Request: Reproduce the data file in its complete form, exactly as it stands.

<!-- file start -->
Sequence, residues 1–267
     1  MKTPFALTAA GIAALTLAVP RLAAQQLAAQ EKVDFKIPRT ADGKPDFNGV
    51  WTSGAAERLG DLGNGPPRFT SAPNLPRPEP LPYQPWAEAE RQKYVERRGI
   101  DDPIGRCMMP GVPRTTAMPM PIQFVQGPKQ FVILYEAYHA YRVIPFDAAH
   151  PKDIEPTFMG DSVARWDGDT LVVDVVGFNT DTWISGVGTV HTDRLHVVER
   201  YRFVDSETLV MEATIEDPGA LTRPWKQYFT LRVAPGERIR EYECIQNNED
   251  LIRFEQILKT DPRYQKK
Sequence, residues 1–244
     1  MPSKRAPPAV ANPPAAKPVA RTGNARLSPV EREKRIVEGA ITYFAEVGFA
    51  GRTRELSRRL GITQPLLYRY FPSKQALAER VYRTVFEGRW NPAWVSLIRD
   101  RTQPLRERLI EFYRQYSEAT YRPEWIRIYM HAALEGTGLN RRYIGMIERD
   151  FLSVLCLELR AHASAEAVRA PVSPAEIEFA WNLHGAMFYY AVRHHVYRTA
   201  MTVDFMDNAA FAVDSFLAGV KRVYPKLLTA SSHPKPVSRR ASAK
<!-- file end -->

Sequence, residues 1–267
     1  MKTPFALTAA GIAALTLAVP RLAAQQLAAQ EKVDFKIPRT ADGKPDFNGV
    51  WTSGAAERLG DLGNGPPRFT SAPNLPRPEP LPYQPWAEAE RQKYVERRGI
   101  DDPIGRCMMP GVPRTTAMPM PIQFVQGPKQ FVILYEAYHA YRVIPFDAAH
   151  PKDIEPTFMG DSVARWDGDT LVVDVVGFNT DTWISGVGTV HTDRLHVVER
   201  YRFVDSETLV MEATIEDPGA LTRPWKQYFT LRVAPGERIR EYECIQNNED
   251  LIRFEQILKT DPRYQKK
Sequence, residues 1–244
     1  MPSKRAPPAV ANPPAAKPVA RTGNARLSPV EREKRIVEGA ITYFAEVGFA
    51  GRTRELSRRL GITQPLLYRY FPSKQALAER VYRTVFEGRW NPAWVSLIRD
   101  RTQPLRERLI EFYRQYSEAT YRPEWIRIYM HAALEGTGLN RRYIGMIERD
   151  FLSVLCLELR AHASAEAVRA PVSPAEIEFA WNLHGAMFYY AVRHHVYRTA
   201  MTVDFMDNAA FAVDSFLAGV KRVYPKLLTA SSHPKPVSRR ASAK